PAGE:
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Designing Audio Power Amplifiers


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Designing Audio Power Amplifiers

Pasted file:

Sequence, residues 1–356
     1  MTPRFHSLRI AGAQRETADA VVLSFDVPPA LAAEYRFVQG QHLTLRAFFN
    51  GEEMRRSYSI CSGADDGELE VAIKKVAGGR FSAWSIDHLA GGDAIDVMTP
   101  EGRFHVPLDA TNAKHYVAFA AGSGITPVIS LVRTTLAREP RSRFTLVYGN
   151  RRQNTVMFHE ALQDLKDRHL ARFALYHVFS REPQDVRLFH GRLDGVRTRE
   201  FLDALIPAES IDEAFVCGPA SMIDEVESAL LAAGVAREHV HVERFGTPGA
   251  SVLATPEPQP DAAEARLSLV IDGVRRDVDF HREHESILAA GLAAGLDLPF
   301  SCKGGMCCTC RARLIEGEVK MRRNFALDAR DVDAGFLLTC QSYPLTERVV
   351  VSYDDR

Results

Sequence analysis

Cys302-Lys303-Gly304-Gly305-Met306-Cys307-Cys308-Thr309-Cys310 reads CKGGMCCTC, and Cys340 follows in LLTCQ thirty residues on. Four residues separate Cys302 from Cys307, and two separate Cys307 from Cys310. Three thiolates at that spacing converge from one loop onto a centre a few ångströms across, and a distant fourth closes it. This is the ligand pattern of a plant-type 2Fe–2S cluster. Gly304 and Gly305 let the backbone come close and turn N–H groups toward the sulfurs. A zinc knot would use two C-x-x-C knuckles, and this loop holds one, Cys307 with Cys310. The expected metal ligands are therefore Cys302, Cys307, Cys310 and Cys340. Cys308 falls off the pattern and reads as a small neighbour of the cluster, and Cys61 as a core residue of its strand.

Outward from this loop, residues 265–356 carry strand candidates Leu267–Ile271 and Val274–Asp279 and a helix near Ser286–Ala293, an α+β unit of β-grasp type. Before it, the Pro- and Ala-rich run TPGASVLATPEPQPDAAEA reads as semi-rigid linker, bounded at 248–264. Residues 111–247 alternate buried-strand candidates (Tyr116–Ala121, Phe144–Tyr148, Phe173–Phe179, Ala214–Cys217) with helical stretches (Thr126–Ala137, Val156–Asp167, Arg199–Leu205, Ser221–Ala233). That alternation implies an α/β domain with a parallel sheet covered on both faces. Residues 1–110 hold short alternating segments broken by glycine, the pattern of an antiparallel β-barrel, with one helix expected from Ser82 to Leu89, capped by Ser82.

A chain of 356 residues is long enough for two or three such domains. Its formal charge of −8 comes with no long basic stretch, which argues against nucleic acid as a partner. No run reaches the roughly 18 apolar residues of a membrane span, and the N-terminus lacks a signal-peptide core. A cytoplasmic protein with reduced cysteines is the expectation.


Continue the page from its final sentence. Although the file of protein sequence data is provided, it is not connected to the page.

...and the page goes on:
I first met Bob Cordell at clinics he gave at the last audio show Stereophile organized, Home Entertainment 2007, in Manhattan. At those clinics, Bob shared his views on why amplifier measurements are not always good at predicting differences in sound quality. So when I was scheduled to host a seminar—"Amplifiers: Do Measurements Matter"—at this year's now-canceled AXPONA, Cordell was on the short list of designers I felt would offer valuable insight.Bob describes himself as "both an engineer and a DIY hobbyist, and I love to mix the two." He has been deeply involved in audio since designing vacuum-tube amplifiers in his teens, branching out in the years since into designs using bipolar transistors and MOSFETs, as well as designing audio test equipment. Bob has worked at Bell Laboratories and other telecommunications companies, and also consults in the audio industry. Probably only Nelson Pass and John Curl know as much as Bob Cordell does about amplifier circuits.The first edition of Designing Audio Power Amplifiers was published by McGraw-Hill in 2011. For the long-awaited second edition, Cordell has rewritten many of the original chapters and added five new ones, on such subjects as low-noise design, professional power amplifiers, and switch-mode power supplies (footnote 1).This massive book—36 chapters, each with a comprehensive list of references—is divided into six parts. In the first part, Bob covers the basics of power amplifier design, including discussions of noise, damping factor, negative feedback, and slew rate. Each of these preliminary sections is succinct, providing a clear picture of what an amplifier is supposed to do and how it can do it. The specifics of circuit design and operational parameters are introduced by taking the reader through the design of an actual amplifier.Modeling a typical 50W solid-state amplifier circuit follows in the third chapter, with examples of how the performance of each stage could be improved, illustrated using SPICE calculations of total harmonic distortion. (A complete discussion of SPICE simulations of circuits and components is offered in Part Four.) The next chapter is new to this edition: a case study of actually building a practical, 125W amplifier, starting from first principles and continuing to prototyping, construction, and testing. It ends with ideas for "upgrades," such as using a DC servo to eliminate the need for series coupling capacitors.Those ideas are examined in detail in the second part of the book, "Advanced Power Amplifier Design Techniques," which also examines the essential subjects of feedback compensation and dealing with crossover distortion, as well as how error correction can be used to give very low THD across the audioband.Part Three, "Real-World Design Considerations," examines how an amplifier copes with life in—yes, the real world, with discussions on such things as power supply design, grounding, output-stage thermal design and stability, short-circuit protection, control of clipping, and "Civilized Amplifier Behavior." In addition to SPICE simulation, Part Four includes chapters on measurements and instrumentation.Part Five, "Topics in Amplifier Design," begins by examining the pros and cons of negative feedback, a controversial subject, as you will appreciate if you look at Stereophile's measurements of amplifiers that use high, low, or no feedback (footnote 2). It is clear from the outset where Bob stands. "Negative feedback has gotten a mostly undeserved bad rap. Much of this because poorly designed solid-state amplifiers of the 1970s happened to use large amounts of negative feedback. . . . Some designers carelessly believed that negative feedback could be used to linearize a design that was inherently not very linear to begin with; . . . the negative feedback allowed designers to make bad choices or cut corners." Amen to that—and to this: "[T]he open-loop bandwidth of a feedback amplifier should extend to the highest audio frequencies."Bob continues his analysis of feedback by examining the various ways it can cause problems. One of those is something I have written about: A speaker cable can act as an antenna injecting RF noise into the amplifier via the feedback network (footnote 3). Bob is skeptical about this potential problem but does admit that this is a good reason to use an input stage with good signal-handling capability up to high frequencies.The book concludes with four chapters on class-D amplifiers, including how such designs are best measured. "The stumbling block to adoption of class-D amplifiers in the past has been sound quality," Bob writes, summing up this section. "This has changed dramatically in recent years but still has a ways to go for high-end audio."I know some engineers who will take exception to that statement!Designing Audio Power Amplifiers is not a book to be devoured in one sitting. On the contrary: Each chapter requires days of thought. It's dense and expensive—but it's also essential reading for anyone fascinated by the superficially simple idea of how to make a small electrical signal powerful enough to drive a loudspeaker without degrading that signal in the process.Footnote 1: More information on Designing Audio Power Amplifiers can be found here. A one-minute video interview with the author can be found here.Footnote 2: See Martin Colloms's primer on this subject.Footnote 3: See my discussions of this mechanism here and here. Log in or register to post comments COMMENTS Great book! Submitted by CG on May 27, 2020 - 9:06pm Great book!